I currently added two test from your comment in #3 and did not think much about their validity. There are more issues with this code, such as panicking whenever rjp panics but I think that for the initial shot on testing it's ok. Apologies it took me so long to get to this.

    Let me know whether option 3 is a good way to go and whether you have some more remarks. It should be fairly easy to implement it.

    opened by zouharvi 4
  • Test cases

    Test cases

    I'm still in the process of transforming the code to be testable (first step is detaching the CLI from the code entry point). @ales-t do you have some test cases which you used during development that could guide me in this?

    opened by zouharvi 3
  • Reorganize readme

    Reorganize readme

    Despite the readme processor descriptions being properly organized using markdown headings, I find them hard to navigate. Putting them in tables saves on vertical space (less heading padding) and makes it easier to find the commands.

    opened by zouharvi 2
  • reorganize project into modules

    reorganize project into modules

    This PR reorganizes the project into directories and modules for easier management. It may not be the most elegant solution but gets rid of the flat directory structure.

    opened by zouharvi 0
  • Misc. Non-breaking Updates

    Misc. Non-breaking Updates

    There's no real content in this PR as it is mostly cosmetics.

    • README typos
    • Begin work on making code testable (separation of CLI from entrypoint)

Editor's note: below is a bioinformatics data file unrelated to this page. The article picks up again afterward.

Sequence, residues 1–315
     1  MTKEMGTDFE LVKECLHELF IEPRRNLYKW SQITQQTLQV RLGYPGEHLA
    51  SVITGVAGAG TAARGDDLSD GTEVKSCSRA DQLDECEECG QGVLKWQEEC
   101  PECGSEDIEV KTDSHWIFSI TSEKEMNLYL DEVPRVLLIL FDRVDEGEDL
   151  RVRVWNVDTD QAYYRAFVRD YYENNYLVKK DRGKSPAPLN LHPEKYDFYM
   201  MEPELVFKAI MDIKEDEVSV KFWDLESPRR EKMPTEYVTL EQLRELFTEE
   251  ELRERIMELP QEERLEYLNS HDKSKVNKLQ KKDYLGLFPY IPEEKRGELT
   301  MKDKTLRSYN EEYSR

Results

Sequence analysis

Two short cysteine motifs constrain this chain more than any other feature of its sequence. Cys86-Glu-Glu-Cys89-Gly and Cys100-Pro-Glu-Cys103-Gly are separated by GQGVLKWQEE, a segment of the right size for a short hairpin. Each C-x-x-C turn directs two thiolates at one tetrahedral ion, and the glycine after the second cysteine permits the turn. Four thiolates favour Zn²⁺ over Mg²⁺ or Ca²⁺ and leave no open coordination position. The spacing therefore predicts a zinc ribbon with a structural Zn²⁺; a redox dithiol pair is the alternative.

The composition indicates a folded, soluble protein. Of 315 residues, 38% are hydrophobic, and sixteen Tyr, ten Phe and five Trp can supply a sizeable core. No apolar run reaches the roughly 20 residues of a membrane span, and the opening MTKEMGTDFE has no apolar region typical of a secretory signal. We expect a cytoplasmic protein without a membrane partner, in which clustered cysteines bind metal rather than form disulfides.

• Lint every file with rustfmt
    • Accept suggestions by clippy
    opened by zouharvi 0
  • Large test file generation for benchmarking

    Large test file generation for benchmarking

    Since the current test files are very small and cargo bench rounds the runtime to 0.0s, I was thinking about running the test on larger files (notably on (1) very long lines, (2) lots of lines or (3) both). The issue is that nobody really wants to have 0.5GB files in the repository.

    Since their content is rather arbitrary, maybe we could just generate random data (with fixed seed) and have them be generated only locally? A few lines of a Python script would do but maybe it'd be purer adding a simple binary crate to this package.

    In all cases I'm not sure if there's an elegant way to link the dependency other than erroring on tests that the files were not found and that the user probably forgot to generate them.

    opened by zouharvi 0
  • Templating processor

    Templating processor

    In jq one can write the following (complex) query jq '[.[] | {message: .commit.message, name: .commit.committer.name, parents: [.parents[].html_url]}]'. I find this templating quite intuitive and useful but at the same time it seems like there's a lot of work behind this (mostly the parsing).